10. In marriage, temporal frustrations, hardship and disadvantages are much to be preferred over the disobedience of divorce or remarriage, and will yield deep and lasting joy both in this life and the life to come (Matthew 5:29-30).
  11. Remaining in a difficult marriage and being faithful to God’s commands is a testimony to the covenant-keeping love of Christ and his church. God patiently bears with our sins, repeatedly calls us to repentance, and freely forgives us when we turn back to Him (Ps. 103:8-12; Isa. 55:7).
  12. Just as church leaders are involved in beginning a marriage, they should be involved when it is threatened with seeming dissolution. Therefore, when a member of Village is considering divorce, he or she is expected to bring the situation to the elders and cooperate with them as they endeavor to promote repentance and reconciliation, and pursue redemptive discipline, if appropriate.
  13. With God, obedience is always possible (Matthew 19:26).

We rejoice that divorce never diminishes God’s free offer of love, grace and forgiveness. He cherishes and loves every person who has been unwillingly divorced, as does our church. God also graciously extends his love to those who have wrongly left their marriages. That love moves Him (and us) to call them to repentance, to encourage and aid reconciliation when possible, and to gladly restore those who have done what the scripture requires to rebuild broken relationships.

Relevant scripture passages: Genesis 2:24; Deuteronomy 24:4; Ecclesiastes 5:4‑5; Hosea; Malachi 2:14-16; Matthew 5:29-32, 19:4-12, 19:26; Mark 10:2-12; Luke 16:18; Romans 7:1-3; 1 Corinthians 7:7-40, 10:13; Ephesians 5:22-33; Colossians 3:13-14, 1 Timothy 5:1-16.  For additional information, see the sermon on Matthew 5 entitled Divorce Court:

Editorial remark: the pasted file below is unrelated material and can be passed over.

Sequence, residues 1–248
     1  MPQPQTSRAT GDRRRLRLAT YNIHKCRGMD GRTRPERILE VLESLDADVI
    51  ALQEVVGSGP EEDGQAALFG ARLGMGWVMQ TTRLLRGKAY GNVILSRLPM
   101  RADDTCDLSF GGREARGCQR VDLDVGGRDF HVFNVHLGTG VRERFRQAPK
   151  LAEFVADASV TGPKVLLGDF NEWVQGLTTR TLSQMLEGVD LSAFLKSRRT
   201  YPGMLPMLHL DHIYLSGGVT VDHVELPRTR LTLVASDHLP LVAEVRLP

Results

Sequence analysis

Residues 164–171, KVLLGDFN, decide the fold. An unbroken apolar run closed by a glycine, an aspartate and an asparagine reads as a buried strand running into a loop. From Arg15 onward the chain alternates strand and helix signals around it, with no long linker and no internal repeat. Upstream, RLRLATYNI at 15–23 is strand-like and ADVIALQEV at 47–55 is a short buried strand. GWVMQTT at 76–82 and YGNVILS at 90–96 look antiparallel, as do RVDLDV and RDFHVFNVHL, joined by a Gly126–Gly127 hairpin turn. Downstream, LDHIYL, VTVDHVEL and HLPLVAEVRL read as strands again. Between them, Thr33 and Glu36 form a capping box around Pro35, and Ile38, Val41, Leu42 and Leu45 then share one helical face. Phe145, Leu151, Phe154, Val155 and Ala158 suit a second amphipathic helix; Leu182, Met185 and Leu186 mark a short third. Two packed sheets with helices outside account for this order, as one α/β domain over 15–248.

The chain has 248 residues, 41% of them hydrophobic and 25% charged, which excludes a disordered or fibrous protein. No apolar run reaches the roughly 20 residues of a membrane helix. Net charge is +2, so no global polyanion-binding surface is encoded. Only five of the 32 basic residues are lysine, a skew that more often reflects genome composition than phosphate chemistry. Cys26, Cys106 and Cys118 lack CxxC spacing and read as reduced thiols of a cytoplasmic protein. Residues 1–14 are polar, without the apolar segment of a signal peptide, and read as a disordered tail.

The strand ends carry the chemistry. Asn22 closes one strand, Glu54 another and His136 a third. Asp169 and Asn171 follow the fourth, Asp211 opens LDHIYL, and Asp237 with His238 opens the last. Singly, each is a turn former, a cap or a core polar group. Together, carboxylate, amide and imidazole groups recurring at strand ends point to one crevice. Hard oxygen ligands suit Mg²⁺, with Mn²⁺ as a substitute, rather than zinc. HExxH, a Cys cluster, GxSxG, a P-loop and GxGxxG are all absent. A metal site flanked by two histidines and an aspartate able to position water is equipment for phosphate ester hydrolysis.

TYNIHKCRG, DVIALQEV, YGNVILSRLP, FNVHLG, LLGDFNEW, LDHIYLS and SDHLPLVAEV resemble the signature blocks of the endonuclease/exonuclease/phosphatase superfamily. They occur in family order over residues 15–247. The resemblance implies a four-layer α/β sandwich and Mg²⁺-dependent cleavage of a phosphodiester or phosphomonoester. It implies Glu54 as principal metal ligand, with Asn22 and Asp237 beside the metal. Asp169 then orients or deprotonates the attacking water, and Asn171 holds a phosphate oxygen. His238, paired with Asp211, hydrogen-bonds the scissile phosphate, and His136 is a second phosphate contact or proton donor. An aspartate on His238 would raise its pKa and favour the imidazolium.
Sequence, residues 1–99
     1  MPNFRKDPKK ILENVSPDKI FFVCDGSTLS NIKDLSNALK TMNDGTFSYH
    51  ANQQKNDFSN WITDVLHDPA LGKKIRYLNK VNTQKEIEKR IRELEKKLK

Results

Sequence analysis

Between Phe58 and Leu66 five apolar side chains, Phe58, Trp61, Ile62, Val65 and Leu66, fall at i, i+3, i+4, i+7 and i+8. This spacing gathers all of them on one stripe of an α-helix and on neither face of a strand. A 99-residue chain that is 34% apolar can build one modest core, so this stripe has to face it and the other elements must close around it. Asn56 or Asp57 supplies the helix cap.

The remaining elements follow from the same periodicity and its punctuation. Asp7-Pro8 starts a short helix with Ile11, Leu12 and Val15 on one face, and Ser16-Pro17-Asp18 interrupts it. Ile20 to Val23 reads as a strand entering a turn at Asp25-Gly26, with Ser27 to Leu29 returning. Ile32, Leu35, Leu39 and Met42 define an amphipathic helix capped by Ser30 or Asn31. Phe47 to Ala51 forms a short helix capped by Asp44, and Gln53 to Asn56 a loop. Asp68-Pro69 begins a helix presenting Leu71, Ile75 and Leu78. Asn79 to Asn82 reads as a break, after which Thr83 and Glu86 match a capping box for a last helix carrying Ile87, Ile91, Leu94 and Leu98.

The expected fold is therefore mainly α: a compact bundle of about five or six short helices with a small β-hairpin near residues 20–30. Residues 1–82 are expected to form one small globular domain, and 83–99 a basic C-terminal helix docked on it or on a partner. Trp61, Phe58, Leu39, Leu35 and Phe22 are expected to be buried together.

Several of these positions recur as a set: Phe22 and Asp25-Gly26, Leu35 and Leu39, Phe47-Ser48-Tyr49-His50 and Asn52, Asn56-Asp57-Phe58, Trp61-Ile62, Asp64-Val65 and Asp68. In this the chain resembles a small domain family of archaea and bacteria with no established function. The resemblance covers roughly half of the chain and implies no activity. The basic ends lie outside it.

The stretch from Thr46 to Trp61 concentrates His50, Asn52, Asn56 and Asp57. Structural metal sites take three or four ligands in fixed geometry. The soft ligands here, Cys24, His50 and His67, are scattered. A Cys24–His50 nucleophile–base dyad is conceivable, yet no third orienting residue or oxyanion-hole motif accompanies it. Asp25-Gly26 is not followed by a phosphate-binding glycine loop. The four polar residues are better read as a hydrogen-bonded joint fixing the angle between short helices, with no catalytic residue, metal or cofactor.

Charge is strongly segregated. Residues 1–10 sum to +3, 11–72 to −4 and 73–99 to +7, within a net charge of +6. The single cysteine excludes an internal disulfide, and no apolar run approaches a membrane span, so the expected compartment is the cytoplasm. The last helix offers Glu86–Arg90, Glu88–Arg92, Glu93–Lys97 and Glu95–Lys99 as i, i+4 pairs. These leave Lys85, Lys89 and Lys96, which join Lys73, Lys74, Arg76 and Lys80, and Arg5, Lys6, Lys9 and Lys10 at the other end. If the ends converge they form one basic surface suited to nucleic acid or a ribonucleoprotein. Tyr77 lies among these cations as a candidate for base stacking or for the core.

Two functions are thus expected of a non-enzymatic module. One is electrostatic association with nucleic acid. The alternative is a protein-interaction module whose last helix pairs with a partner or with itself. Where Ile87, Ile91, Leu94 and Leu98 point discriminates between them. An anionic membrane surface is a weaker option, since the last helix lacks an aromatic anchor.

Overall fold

The prudent see danger and take refuge (Prov. 27:12a).

Children are a blessing from God, and he calls the church to support parents in their responsibility to train children in the discipline and instruction of the Lord. Therefore, the church should be a place of safety and blessing for children, where they can grow, play, form friendships, and learn to experience and share the love of Christ.

Since sin affects every person and organization in the world, it is possible that children could be harmed even during church activities. We cannot guarantee that such things will never happen at Village, but we are committed to taking every reasonable precaution to protect our children and youth from foreseeable harm.

  • We require all of our youth workers to complete a detailed application and screening process.
  • We do not allow anyone to work with our youth (children or teenagers), unless he or she has regularly attended our church for at least six months, or has been granted permission by the Guiding Elder Team.
  • We require that workers serve in teams of two or more and be visible to other workers.
  • See our Village Bible Church Child Protection Policy for further details.

If a child or youth is harmed in our church, we will take immediate steps to inform the parents, to inform authorities (if appropriate), to accept responsibility for our role in the situation, and to hold offending workers fully responsible for their actions. We will also regularly review our policies, practices and procedures, to consider changes that might reduce the likelihood of such harm to children in the future.


I myself am convinced, my brothers, that you yourselves are full of goodness, complete in knowledge and competent to instruct one another. (Rom. 15:14).

Our goal in providing counseling is that we may “present everyone mature in Christ” (Col.1:28) - to help you meet the challenges of life in a way that will please and honor the Lord Jesus Christ and enable you to enjoy fully His love for you and His plans for your life.. We believe that the Bible is God-inspired guidance, instruction and power for faith and life (2 Tim. 3:16-17). Therefore, our counseling relies on Biblical teachings and principles applied with “all wisdom” through the Holy Spirit to each situation we counsel. We are committed to asking the question, “What does Scripture say regarding this matter?” and to counseling in the light of the response to this question.